After nearly 100 years of war between the nations Gilgamesh and Balarant, battle-weary soldier Chirico Cuvie finds his world utterly shattered when what seems to be a straightforward mission to infiltrate an enemy base turns out to be an attack on friendly forces. Furthermore, in the confusion that ensues, he stumbles upon a strange container with a beautiful woman sleeping inside. Unfortunately for him, he hasn’t just discovered any woman, but the key to a dark and complex political plot, and the perpetrators are determined not to let him live with their secret. Haunted by the memories of this mysterious woman and the betrayal of his superiors, Chirico must now fight to discover the twisted truths lurking behind the veil of war and gain new meaning to his bitter life.
Mozaicka is so incredibly obscure that I can't really think of specifics for this recommendation, but chances are if you enjoy Ryosuke Takahashi's early directed works like Votoms, Layzner, Dougram, etc, chances are you'll get some enjoyment out of Mozaicka since his usual style is definitely there.
The year is Universal Century 0087, and mankind has yet to be liberated from Earth's gravity. Seven years since the end of the One Year War, tensions between the Earth Federation and the space colonies continue on the rise. The police actions of the Titans, the Federation's military arm in space, fuel anti-Earth sentiment throughout the colonies and give rise to the Anti-Earth Union Group. Kamille Bidan, a young spacenoid from Space Colony Noa, soon finds himself in the middle of this armed conflict and behind the cockpit of the Titans newest weapon: the Gundam Mk-II.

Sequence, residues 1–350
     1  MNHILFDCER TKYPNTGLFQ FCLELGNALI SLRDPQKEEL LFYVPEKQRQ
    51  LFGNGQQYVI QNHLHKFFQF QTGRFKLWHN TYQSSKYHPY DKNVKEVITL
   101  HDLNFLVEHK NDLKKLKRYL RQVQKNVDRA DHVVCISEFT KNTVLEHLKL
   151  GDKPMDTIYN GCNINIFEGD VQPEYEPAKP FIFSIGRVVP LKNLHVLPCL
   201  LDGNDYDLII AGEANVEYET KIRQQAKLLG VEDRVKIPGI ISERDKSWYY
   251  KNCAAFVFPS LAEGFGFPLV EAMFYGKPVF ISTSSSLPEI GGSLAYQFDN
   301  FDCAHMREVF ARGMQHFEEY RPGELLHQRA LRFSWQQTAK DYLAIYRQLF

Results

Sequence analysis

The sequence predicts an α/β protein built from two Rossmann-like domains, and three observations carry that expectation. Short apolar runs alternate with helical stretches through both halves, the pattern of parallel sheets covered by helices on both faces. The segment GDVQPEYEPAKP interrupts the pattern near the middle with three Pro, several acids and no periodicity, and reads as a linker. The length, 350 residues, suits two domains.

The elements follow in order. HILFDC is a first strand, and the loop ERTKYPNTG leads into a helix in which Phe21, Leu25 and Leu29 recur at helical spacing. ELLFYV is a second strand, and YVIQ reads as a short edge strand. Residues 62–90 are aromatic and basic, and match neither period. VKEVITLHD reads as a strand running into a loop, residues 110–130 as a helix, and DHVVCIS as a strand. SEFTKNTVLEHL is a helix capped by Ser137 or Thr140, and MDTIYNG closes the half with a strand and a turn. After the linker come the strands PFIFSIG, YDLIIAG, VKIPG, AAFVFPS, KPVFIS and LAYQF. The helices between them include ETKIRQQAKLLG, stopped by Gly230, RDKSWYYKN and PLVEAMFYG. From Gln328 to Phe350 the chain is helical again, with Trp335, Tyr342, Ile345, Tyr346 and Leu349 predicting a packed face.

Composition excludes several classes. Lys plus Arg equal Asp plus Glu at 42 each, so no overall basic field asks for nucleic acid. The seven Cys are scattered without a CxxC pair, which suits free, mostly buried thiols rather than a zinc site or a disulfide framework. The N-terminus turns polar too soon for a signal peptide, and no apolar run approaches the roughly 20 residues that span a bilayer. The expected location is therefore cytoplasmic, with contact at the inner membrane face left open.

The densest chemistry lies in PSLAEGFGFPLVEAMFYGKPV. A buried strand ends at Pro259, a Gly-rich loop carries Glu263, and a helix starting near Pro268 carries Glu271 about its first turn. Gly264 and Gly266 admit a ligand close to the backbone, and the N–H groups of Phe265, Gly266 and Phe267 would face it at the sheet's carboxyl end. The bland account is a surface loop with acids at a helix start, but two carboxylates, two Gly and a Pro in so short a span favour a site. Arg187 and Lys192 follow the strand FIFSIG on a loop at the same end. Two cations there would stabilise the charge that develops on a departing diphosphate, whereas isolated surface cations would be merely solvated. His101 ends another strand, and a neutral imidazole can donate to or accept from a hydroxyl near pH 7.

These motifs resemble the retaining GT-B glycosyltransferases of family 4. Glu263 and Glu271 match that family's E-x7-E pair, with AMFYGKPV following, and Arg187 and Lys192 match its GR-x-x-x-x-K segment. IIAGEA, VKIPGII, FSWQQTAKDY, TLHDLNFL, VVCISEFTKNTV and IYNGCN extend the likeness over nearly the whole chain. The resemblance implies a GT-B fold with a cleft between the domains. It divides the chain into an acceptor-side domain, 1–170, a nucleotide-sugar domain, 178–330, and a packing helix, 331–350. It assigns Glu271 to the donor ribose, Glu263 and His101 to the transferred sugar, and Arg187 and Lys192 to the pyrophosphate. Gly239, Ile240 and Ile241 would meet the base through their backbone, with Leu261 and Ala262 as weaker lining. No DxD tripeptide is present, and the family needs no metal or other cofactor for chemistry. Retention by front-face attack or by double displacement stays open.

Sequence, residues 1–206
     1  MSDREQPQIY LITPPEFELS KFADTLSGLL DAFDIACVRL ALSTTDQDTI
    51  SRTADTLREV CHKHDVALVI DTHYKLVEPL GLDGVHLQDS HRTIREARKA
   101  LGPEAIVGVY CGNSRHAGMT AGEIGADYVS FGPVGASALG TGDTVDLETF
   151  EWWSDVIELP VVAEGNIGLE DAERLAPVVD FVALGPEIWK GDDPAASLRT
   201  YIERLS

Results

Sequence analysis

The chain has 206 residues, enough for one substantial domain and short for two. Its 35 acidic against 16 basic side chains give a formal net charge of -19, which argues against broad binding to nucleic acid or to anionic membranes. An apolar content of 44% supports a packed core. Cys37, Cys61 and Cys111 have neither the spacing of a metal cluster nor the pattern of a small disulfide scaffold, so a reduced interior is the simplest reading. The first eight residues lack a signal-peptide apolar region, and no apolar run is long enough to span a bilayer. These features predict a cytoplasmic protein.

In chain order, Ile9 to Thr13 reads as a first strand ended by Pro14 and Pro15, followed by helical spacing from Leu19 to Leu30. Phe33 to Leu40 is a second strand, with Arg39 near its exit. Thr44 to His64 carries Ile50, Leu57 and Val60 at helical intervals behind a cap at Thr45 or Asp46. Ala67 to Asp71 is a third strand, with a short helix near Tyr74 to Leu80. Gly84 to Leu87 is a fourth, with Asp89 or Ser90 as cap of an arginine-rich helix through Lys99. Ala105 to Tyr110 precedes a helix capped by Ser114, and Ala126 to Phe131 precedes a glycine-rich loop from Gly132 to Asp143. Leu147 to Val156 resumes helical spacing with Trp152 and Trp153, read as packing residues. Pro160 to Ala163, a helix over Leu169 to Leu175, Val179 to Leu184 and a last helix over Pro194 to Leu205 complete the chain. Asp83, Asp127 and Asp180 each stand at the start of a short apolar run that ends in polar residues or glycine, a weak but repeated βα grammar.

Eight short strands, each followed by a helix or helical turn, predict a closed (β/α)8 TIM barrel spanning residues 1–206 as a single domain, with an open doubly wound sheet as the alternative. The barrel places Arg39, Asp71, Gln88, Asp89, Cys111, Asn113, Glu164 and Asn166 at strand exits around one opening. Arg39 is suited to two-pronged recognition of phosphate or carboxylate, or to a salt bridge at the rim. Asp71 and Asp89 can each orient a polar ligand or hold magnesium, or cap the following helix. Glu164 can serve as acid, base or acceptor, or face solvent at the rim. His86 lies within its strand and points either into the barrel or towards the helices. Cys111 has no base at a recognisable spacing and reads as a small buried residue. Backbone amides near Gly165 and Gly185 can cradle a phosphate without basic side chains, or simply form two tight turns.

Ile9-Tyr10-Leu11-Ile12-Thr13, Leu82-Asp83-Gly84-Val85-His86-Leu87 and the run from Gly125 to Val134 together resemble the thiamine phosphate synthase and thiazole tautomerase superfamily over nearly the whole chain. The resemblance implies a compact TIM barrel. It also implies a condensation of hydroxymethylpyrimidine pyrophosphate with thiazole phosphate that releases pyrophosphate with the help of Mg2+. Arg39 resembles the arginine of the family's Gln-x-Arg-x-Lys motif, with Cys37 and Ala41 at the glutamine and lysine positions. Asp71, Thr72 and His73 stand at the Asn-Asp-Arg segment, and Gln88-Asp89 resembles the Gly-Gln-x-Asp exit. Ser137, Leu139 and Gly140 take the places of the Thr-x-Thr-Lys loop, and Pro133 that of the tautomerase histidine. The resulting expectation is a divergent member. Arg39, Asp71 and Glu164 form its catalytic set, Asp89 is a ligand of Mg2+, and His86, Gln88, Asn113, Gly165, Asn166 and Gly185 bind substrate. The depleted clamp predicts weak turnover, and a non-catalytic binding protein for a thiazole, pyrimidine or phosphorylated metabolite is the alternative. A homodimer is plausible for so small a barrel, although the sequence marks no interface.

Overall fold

Classic 80's Sunrise mecha shows. While the storyline and characters aren't really comparable between the two, the shows do give off a similar kind of vibe and atmosphere. Zeta Gundam is often noted as being one of the darkest Gundam series out there with a very serious tone and so forth, and Votoms itself is very gritty, realistic, and all around consistently mature. Votoms has a trio of goofy and likeable characters for some comedic elements but at the same time, the show sometimes feels even darker than Zeta. Both tend to get a little supernatural by the end and it works really well. Chances are if you like one of these shows, you'll be able to appreciate and enjoy the other a lot too.
"Labors" are large construction robots that are now being used to commit crimes. To meet the challenge, Special Vehicle (SV) units are established by the Tokyo PD. However, the Second SV unit is a total joke. Determined to change this, Izumi and Shinohara become pilots of the new Ingram 98 police labors, and are determined to change that reputation, with the help of the SV-2 gang of misfits.
Both defining the meaning of realistic mechs. Patlabor and votoms may have somewhat of a different story but if you want a realistic mech 1 of these 2 are right for you. Instead of having unstoppable robots(gundams) you can reasonable mechs like the Ingram or Scope dog.
Mecha shows? More like hard/sci-fi. Fang of the Sun Dagram marks the directorial debut for Ryosuke Takahashi [edit: under Sunrise], widely known for his successful Votoms franchise. Votoms and Dougram (along with Layzner and potentially Galient) are probably the most serious, grittiest, mature, 80's mecha series out there. While Dougram is far more political, dialogue heavy, and loaded with a bigger cast, whereas Votoms focuses more on Chirico's journey - both shows put a heavy emphasis on detail, whether it be plot or action related with the gritty mech's, and they're just generally mature and -manly- shows all around. These are shows that even non-mecha fans could probably get into if they're into militaristic/war sci-fi.